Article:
Fax

There are several ways around the toothbrush Charger charge when hooked up, buy a small Pure sine invertor.

Pure sine wave should be you last resort for several reasons in general use they cost you far more ah (ie batteries flatter quicker) Expensive if they are not the only answer.

Your motto should always be

Modified (Quasi sine) wave first Choice.

Pure sine wave LAST resort.
 

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BTW I have recently tested the Cheap Nikkai Invertors from Maplins


150W £14.99
300w £19.99
600w £39.99

Checked most of the above items and again no problems. Now in the last 3 days have had to buy 7 for friends and family!

All definately work OK with sterling Quasi sine wave.
 

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GeorgeTelford said:
Hi

Buy modified sine wave and it as a few limitations very few but here they are.

It cannot run the toothbrushes, It cannot run Automatic washing machines due to (thyristors) It doesnt like Combined TV Videos (thyristors in the joint power supply)

Strewth George, have you got an Automatic washing machine in your MH? You must have a large inverter they take about 3Kw.

All the best,

John
 

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Hi

No no big auto washer in mine, but it is done in some Yatchs and motorhomes.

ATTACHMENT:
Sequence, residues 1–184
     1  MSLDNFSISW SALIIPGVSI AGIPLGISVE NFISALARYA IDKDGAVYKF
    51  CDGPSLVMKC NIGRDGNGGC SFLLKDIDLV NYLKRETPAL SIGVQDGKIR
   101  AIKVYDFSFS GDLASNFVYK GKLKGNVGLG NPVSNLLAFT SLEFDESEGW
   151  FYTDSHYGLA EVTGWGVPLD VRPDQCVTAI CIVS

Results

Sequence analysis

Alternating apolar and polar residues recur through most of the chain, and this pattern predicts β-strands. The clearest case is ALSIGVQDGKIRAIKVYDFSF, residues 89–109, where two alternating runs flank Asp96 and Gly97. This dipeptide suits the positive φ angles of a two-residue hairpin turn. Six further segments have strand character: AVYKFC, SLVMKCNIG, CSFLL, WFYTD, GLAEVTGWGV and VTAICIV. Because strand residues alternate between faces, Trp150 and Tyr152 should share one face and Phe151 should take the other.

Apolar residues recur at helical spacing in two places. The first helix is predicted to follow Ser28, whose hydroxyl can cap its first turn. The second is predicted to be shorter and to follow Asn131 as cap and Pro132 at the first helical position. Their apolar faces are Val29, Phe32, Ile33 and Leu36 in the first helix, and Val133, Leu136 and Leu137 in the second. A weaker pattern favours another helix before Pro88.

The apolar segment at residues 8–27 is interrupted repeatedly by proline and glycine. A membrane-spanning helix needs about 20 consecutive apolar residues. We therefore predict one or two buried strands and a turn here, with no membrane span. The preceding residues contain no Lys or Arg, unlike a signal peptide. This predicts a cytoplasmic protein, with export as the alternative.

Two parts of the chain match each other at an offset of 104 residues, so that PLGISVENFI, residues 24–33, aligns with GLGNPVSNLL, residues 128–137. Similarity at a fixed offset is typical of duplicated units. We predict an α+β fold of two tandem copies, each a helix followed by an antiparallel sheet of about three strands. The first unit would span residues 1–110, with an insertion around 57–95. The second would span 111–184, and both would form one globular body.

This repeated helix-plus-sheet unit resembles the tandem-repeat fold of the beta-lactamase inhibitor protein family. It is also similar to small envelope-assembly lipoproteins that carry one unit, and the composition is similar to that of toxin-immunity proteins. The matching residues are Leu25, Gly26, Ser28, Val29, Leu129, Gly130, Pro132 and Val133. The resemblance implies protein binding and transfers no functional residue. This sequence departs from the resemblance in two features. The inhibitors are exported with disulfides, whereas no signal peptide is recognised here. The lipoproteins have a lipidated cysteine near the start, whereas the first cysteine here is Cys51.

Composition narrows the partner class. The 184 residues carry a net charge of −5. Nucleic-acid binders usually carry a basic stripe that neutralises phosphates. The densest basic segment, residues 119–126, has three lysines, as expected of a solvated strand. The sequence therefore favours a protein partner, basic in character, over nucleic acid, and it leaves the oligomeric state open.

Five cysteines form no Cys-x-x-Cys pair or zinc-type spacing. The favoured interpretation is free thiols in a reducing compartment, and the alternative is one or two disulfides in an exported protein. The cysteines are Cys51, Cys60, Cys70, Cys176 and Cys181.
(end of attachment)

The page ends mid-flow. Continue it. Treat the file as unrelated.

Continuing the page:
George
 

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Jabber.

It is not just a question of a lead to enable a Sharp Aquos to run on 12 volts. I e mailed Sharp on this point some time ago and they informed me that, because of fluctuations in voltage in motorhomes, their particular TVs need to be run through an inverter.

G
 

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Hi!

Averywildwildcamper said:
...If your only running inductive loads, there's not a lot to worry about...
I think you wanted to say "non-inductive loads" here... :wink:

I have a cheap (Taiwan-made) 150 W inverter. It says "modified sine wave", but I haven't checked that with a 'scope yet. (Strange, I actually own an oscilloscope but have not yet thought of it... Will do next days.) So far I have tested it with:

- Laptops (Compaq, Dell and HP, but no Siemens)
- Charger for electric shaver (Braun)
- Mobile phone chargers (Siemens, Nokia, Panasonic, Samsung)
- Digicam (still photo) chargers (Sanyo)
- Portable cassette player (Sony kids version)

No problems occured so far. Except that on hot summer days the inverter goes on overheat with the laptop. And with the cassette player there was an audible hum on the speaker.

Don't know why but it seems that especially toothbrush chargers are sensitive. And I have heard several reports about Siemens laptop power supplies not working on modified sine.

Best Regards,
Gerhard